I agree with @rand al'thor. Harry is definitely not a horcrux. Although I'm sure your reason from this Rowling person is fine, I have a different reason for this belief.
First, I would like to clear up that a Horcrux is defined as a piece of someone's soul attached to an object, as Slughorn says:
"A Horcrux is a word used for an object in which a person has concealed part of their soul."
That's an object. Not anything else. Living Horcruxes are possible, like Nagini, but for them, the soul is a Horcrux--attached to the body--the object. Whereas in Harry's case, the fragment of Voldemort's soul is fixed to his soul, not his body, just like Dumbledore says:
"...on the night Lord Voldemort tried to kill him, when Lily cast her own life between them as a shield, the Killing Curse rebounded on Lord Voldemort, and a fragment of Voldemort's soul was blasted apart from the whole, and latched itself onto the only living soul left in the collapsing building.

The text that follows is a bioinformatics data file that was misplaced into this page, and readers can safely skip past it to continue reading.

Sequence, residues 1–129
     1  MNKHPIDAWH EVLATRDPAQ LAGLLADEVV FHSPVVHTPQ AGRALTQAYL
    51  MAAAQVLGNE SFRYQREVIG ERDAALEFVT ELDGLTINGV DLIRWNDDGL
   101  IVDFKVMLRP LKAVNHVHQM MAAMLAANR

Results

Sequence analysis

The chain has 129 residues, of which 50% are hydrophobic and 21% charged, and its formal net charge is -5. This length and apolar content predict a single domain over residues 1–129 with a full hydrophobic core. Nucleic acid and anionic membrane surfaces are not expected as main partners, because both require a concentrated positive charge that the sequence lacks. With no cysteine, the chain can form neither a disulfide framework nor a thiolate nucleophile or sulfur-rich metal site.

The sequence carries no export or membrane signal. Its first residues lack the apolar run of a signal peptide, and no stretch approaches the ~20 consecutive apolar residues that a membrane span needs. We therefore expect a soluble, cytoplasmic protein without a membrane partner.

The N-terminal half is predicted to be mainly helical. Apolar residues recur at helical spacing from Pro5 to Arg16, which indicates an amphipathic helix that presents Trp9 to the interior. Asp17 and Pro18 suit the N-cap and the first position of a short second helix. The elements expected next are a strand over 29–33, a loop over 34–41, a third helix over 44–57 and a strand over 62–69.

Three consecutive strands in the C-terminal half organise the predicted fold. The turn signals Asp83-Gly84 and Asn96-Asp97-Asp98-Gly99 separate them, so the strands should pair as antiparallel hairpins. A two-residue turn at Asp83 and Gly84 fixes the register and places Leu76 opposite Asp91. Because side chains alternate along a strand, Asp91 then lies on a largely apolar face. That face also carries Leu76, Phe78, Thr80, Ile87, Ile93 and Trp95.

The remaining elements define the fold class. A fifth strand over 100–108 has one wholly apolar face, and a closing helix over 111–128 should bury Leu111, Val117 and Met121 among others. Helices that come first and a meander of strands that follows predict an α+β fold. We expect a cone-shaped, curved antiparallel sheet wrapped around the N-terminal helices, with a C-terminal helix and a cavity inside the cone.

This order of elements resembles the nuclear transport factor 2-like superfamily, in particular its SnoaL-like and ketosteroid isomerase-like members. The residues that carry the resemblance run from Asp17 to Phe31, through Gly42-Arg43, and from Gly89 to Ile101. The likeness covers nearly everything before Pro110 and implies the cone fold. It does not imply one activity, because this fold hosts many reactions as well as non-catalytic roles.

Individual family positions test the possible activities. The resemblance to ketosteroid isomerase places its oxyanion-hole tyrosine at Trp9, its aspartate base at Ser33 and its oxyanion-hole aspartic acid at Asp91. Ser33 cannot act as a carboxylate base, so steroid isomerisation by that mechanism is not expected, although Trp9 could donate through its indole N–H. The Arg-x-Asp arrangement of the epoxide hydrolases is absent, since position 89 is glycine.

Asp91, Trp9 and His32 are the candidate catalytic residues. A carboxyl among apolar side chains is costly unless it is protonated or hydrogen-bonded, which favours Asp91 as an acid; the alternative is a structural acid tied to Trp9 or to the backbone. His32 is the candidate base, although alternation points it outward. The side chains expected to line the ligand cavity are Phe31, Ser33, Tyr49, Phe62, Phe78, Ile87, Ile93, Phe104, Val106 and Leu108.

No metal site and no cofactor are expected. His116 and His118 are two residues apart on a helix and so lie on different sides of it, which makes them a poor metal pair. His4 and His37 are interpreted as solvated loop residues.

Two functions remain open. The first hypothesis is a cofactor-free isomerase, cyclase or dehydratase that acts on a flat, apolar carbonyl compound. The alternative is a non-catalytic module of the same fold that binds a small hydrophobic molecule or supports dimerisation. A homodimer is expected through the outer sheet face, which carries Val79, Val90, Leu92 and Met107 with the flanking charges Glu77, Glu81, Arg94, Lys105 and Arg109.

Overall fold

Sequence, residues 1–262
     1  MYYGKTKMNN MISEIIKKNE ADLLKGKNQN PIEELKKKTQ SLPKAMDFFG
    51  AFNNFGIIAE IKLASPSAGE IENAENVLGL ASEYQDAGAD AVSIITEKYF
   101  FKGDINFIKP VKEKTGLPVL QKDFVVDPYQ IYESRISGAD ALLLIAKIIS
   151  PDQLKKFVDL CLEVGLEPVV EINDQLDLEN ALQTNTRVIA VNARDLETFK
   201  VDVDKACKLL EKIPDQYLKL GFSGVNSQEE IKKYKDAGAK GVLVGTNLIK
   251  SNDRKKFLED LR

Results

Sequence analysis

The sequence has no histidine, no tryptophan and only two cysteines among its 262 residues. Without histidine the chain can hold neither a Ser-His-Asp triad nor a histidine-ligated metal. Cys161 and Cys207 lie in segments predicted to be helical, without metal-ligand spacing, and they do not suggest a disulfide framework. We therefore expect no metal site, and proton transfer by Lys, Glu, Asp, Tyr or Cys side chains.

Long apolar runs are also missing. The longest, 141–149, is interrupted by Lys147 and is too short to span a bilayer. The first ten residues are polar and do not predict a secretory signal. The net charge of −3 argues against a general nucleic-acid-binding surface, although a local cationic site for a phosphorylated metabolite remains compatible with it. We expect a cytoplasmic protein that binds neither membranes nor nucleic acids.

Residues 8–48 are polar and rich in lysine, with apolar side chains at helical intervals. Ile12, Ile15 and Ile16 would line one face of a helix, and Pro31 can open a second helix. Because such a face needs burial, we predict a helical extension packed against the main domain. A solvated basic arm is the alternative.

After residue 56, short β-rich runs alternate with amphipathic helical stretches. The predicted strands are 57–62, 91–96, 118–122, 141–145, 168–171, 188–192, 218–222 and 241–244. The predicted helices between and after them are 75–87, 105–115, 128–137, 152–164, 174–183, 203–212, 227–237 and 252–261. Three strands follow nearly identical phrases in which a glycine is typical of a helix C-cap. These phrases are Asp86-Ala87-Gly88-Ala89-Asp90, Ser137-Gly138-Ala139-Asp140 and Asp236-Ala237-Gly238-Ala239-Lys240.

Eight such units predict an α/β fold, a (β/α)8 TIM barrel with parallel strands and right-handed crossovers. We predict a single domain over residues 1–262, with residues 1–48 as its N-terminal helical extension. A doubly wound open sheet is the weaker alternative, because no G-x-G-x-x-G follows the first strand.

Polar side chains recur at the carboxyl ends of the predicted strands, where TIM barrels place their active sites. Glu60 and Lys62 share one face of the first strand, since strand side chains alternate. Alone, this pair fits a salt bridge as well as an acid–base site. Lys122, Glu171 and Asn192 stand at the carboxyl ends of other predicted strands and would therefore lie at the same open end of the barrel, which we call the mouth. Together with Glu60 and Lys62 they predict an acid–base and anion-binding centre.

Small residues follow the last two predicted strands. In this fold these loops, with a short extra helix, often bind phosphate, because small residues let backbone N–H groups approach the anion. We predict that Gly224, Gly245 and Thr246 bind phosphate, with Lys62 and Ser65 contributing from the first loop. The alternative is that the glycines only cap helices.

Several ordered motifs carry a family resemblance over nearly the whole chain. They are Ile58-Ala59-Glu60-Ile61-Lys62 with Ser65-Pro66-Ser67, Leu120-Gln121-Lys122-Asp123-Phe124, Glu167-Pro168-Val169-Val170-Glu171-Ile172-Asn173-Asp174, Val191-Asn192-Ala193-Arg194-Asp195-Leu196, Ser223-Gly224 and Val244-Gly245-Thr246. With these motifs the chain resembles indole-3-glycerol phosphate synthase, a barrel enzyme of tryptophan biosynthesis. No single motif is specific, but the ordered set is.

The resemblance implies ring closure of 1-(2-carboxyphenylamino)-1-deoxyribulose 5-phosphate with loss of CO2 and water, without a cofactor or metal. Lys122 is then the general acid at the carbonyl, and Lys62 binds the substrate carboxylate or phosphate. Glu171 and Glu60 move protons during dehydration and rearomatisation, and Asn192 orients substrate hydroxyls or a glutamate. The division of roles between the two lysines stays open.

So the fragment of Voldemort's soul is attached to Harry's soul, not his body. He is not a Horcrux.
To answer your question, the Horcrux defense mechanism will therefore activate only if harm comes to the soul, like Avada Kedavra or something. If harm comes only to the body, the soul is unharmed.
"Look, if I picked up a sword right now, Ron, and ran you through with it, I wouldn't damage your soul at all...whatever happens to your body, your soul will survive, untouched."
Thanks to Hermione, we can conclude that whatever physical harm comes to their body from any spells you may be thinking of, the soul will be fine, and therefore the Horcrux mechanism will not trigger.